Last year, the Government confirmed its commitment to the UK’s audio-visual tax reliefs and, after consultation, announced a number of changes to the current rules. The detail of those changes was made available recently, when the Government published draft legislation on the proposed reform of the film, television and video games tax reliefs to expenditure credits.
With specific regard to film and television, we’ve summarised the key points covered by the draft legislation. Many of the familiar features of the existing Creative Sector Tax Relief system have been retained, including:
- UK expenditure defined as expenditure on goods/services “used or consumed” in the UK.
- The mechanism for apportioning expenditure between UK and non-UK remains a “just and reasonable” basis.
- The TV minimum expenditure test remains at £1 million of core expenditure per hour of slot length.
- The 80% cap is retained – UK core expenditure in excess of 80% of total core expenditure will not generate credit.
- The minimum UK core expenditure threshold remains 10% of total core expenditure.
The Expenditure Credit will be received net of a tax deduction at the main rate of corporation tax (currently 25%), so the gross and net value of the relief will be:
- For shows other than animated films, programmes or children’s TV programmes: 34% gross – giving a credit after deduction of tax (at 25%) of 25.5%.
- For animated films, or programmes and children’s TV programmes: 39% gross – giving a credit after deduction of tax (at 25%) of 29.25%.
The main corporation tax rate sum deducted from the gross credit can be utilised in various ways, including being surrendered to other group companies and used to discharge part of their own corporation tax liabilities.
The draft legislation sets out a new definition of a documentary TV programme, focusing on informing the viewer about “real events” and excluding events which have been arranged for the purpose of the programme. This new definition is likely to prove more restrictive than the current regime for certain programme formats.
“Films” and “television programmes” continue to be separately defined, with films needing to have an intention for theatrical release in order to qualify, and television programmes needing to have an intention for broadcast. There does not appear to be any scope for shows to change track.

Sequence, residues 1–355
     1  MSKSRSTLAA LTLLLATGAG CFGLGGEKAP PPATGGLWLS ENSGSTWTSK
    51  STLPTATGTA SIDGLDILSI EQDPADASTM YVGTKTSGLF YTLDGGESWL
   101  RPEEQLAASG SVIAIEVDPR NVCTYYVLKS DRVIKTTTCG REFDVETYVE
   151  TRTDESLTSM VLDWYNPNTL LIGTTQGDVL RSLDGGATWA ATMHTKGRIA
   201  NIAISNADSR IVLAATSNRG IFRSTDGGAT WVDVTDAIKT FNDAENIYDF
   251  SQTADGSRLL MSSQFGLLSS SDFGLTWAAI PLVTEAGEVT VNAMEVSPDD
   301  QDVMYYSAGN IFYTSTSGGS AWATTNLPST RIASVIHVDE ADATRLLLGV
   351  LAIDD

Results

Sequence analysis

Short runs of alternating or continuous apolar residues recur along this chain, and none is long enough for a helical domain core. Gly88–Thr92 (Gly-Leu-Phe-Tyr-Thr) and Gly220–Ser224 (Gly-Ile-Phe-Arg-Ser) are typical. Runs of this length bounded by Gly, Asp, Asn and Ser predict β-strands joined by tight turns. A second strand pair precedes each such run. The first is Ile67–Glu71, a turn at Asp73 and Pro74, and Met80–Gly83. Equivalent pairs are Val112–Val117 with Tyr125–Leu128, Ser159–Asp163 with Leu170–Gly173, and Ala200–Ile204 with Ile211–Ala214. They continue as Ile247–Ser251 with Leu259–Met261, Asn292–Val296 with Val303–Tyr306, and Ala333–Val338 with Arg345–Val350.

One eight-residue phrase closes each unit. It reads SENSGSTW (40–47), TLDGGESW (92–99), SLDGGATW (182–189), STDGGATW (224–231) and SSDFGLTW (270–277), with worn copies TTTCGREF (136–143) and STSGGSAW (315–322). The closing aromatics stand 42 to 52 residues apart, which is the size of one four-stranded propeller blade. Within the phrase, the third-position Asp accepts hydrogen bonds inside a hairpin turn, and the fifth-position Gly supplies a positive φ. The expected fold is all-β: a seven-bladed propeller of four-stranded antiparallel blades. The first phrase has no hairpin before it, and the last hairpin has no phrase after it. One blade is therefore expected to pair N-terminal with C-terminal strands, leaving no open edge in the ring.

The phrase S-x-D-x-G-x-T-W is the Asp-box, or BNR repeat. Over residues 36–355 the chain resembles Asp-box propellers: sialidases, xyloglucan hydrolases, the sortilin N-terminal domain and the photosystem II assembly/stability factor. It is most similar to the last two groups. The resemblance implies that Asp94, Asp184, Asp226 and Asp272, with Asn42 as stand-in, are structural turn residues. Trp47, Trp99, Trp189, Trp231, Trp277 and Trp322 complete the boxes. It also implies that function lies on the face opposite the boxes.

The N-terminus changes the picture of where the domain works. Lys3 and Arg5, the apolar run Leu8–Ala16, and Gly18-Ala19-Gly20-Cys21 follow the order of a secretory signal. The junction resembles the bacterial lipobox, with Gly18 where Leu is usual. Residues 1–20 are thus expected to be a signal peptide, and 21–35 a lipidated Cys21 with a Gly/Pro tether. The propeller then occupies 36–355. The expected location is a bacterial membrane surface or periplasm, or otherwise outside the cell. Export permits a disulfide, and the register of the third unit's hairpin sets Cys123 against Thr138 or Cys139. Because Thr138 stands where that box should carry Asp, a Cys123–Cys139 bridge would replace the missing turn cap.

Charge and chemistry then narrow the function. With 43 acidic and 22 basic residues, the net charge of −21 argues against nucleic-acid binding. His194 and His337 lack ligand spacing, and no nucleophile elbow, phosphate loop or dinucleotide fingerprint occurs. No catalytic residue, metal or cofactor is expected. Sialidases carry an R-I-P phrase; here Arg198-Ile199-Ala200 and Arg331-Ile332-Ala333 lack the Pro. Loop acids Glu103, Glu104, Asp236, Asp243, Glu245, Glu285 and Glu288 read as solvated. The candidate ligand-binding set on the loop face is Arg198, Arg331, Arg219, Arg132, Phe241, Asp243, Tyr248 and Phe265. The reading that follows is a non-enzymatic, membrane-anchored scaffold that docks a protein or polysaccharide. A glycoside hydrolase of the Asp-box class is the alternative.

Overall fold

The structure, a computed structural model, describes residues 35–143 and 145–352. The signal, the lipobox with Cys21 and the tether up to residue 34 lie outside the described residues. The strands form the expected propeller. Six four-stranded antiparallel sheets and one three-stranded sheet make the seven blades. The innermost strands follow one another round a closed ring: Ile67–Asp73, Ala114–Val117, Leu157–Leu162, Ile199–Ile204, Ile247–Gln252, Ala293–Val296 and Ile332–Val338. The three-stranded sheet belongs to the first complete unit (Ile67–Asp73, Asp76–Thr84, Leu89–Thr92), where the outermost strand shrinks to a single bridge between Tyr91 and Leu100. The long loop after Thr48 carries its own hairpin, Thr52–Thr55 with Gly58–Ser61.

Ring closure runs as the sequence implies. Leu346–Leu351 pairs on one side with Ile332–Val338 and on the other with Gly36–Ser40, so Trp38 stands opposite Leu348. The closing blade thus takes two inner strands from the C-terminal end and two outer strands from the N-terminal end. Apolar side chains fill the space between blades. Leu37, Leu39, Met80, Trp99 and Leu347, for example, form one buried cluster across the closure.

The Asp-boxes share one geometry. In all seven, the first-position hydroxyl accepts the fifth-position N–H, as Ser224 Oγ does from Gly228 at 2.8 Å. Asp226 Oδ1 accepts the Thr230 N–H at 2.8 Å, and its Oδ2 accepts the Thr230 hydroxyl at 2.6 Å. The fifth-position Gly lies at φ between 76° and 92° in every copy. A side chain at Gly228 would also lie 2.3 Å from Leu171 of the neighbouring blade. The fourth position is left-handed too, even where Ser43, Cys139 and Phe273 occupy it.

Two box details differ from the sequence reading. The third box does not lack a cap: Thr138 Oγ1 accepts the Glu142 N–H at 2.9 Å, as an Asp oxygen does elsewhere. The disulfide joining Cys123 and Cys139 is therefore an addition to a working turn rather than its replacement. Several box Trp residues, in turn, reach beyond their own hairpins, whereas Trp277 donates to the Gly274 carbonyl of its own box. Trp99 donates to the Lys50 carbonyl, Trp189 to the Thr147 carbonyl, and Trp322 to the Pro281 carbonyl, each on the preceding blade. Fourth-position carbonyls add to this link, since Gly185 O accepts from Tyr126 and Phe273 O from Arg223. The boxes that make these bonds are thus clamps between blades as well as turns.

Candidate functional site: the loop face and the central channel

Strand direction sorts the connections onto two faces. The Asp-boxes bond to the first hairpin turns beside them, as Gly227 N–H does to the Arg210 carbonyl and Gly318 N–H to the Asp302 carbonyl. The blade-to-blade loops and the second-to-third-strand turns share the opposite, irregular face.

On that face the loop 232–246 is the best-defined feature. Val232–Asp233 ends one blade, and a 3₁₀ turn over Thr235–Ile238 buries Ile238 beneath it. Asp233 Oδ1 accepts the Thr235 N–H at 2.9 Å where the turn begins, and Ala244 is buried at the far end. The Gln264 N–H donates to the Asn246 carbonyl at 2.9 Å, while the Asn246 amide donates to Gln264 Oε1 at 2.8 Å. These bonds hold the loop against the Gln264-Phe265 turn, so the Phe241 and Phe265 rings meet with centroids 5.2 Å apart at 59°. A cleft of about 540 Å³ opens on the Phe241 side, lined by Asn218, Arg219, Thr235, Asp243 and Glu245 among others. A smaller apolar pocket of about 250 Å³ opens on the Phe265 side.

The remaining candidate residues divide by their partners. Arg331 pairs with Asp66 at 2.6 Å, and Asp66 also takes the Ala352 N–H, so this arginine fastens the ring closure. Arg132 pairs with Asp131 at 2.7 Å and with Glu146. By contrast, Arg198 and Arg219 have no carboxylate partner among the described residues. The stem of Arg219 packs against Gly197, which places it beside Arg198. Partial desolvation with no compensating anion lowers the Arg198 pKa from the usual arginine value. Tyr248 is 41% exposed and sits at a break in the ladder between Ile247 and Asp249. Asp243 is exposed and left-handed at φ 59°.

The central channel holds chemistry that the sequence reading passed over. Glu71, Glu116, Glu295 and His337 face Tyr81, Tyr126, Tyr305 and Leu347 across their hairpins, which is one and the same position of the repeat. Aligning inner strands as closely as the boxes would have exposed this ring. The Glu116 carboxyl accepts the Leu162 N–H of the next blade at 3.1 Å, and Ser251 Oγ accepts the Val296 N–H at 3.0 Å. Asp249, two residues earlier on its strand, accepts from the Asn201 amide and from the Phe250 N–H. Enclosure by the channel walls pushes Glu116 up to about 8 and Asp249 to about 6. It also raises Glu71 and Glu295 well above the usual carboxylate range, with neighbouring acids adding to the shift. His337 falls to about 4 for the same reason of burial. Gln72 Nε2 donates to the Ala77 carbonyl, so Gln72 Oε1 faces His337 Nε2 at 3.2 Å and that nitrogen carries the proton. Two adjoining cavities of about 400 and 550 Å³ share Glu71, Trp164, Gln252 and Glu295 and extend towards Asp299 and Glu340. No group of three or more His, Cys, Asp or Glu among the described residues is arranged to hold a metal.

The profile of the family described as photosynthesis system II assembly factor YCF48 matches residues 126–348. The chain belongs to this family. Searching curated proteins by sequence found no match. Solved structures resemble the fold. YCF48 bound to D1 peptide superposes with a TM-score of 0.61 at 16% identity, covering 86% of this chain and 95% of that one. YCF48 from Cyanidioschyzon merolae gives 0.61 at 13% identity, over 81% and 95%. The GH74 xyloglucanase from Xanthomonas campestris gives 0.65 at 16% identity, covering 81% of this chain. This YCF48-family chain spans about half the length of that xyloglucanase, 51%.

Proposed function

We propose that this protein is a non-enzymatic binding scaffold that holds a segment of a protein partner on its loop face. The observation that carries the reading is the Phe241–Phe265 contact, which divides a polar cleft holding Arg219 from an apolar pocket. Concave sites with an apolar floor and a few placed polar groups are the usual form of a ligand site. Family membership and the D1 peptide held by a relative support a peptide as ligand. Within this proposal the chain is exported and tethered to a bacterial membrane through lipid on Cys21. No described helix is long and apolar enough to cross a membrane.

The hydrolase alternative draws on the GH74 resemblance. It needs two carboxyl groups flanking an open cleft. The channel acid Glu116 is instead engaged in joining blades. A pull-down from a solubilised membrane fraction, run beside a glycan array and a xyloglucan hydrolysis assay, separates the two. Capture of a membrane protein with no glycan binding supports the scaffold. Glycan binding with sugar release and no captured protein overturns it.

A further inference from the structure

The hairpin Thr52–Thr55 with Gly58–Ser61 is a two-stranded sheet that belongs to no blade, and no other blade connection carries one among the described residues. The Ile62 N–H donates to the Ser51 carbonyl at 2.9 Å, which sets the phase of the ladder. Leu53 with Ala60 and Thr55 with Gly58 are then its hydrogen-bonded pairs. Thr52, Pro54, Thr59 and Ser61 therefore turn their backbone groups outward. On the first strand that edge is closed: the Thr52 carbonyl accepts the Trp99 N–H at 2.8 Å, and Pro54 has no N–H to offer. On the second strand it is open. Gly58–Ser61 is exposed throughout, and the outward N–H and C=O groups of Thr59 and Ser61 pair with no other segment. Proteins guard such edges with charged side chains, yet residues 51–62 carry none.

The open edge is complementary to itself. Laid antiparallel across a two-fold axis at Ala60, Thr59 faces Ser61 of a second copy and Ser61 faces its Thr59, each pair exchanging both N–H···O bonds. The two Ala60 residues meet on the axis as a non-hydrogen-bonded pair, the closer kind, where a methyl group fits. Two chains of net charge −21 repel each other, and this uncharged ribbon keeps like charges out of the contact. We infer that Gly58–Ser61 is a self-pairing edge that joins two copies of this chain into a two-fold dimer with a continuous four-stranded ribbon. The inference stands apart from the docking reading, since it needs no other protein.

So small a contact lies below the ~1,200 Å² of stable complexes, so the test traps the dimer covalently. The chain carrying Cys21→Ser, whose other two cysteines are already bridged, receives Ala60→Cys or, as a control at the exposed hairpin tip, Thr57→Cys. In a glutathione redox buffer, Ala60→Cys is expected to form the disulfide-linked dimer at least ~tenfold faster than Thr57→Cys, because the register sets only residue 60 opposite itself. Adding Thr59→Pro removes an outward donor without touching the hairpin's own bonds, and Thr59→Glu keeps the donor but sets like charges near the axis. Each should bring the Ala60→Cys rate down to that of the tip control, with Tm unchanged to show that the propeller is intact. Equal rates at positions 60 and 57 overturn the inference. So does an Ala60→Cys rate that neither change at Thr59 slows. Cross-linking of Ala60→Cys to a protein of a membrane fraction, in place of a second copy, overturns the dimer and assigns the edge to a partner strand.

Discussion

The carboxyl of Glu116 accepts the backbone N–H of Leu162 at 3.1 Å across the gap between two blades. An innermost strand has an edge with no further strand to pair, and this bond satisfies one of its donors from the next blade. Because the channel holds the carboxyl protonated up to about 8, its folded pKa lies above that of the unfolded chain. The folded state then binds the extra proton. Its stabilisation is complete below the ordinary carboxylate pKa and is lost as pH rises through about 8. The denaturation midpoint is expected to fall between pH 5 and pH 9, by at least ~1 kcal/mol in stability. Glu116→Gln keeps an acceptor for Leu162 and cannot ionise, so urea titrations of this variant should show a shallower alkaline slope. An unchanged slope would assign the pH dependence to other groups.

For TV programmes (other than animations or children’s programmes) each episode must have a slot length greater than 20 minutes in order to qualify. It will not be possible to aggregate multiple shorter episodes to achieve this 20-minute threshold. For example, a series consisting of three 10-minute episodes will not qualify.
A new provision will exclude payments for goods/services supplied by a connected party to the extent they exceed that party’s own costs incurred in relation to the supply. Whilst there is a carve-out for costs of renting studios/land/premises, many other types of supply will fail to attract full relief where the supplier is connected. This could include equipment rental, VFX, postproduction services, rights payments, producer and writer fees, and production fees.
The Government has also sent out the following transition rules for film and television:
- The audio-visual expenditure credit (AVEC) rules will be available to companies with accounting periods ending on or after 1 January 2024.
- If a company’s accounting period begins before 1 January 2024 but ends after 1 January 2024, it will have the option to apply existing rules on expenditure incurred up to 31 December 2023 and apply AVEC rules on expenditure incurred from 1 January 2024.
- For productions where principal photography begins before 1 April 2025, existing rules remain available up to 31 March 2027.
- Existing rules will not be available to productions where principal photography commences on or after 1 April 2025.
The legislation is open to consultation until 12 September. If you’d like to discuss any of the issues raised above, please get in touch with your usual Saffery partner.